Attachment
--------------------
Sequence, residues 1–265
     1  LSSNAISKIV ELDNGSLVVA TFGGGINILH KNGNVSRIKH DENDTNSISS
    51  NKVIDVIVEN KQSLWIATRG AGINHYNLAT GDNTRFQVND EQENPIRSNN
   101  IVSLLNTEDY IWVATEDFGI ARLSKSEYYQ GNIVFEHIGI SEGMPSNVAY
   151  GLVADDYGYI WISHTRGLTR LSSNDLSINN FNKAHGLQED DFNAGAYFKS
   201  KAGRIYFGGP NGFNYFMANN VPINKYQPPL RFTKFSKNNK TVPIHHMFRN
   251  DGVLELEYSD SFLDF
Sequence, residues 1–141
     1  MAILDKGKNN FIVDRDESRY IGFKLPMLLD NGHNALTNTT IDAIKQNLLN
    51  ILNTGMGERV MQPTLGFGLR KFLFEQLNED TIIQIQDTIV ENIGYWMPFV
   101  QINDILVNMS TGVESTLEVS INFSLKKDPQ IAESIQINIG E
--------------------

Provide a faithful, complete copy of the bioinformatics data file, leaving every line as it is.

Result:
Sequence, residues 1–265
     1  LSSNAISKIV ELDNGSLVVA TFGGGINILH KNGNVSRIKH DENDTNSISS
    51  NKVIDVIVEN KQSLWIATRG AGINHYNLAT GDNTRFQVND EQENPIRSNN
   101  IVSLLNTEDY IWVATEDFGI ARLSKSEYYQ GNIVFEHIGI SEGMPSNVAY
   151  GLVADDYGYI WISHTRGLTR LSSNDLSINN FNKAHGLQED DFNAGAYFKS
   201  KAGRIYFGGP NGFNYFMANN VPINKYQPPL RFTKFSKNNK TVPIHHMFRN
   251  DGVLELEYSD SFLDF
Sequence, residues 1–141
     1  MAILDKGKNN FIVDRDESRY IGFKLPMLLD NGHNALTNTT IDAIKQNLLN
    51  ILNTGMGERV MQPTLGFGLR KFLFEQLNED TIIQIQDTIV ENIGYWMPFV
   101  QINDILVNMS TGVESTLEVS INFSLKKDPQ IAESIQINIG E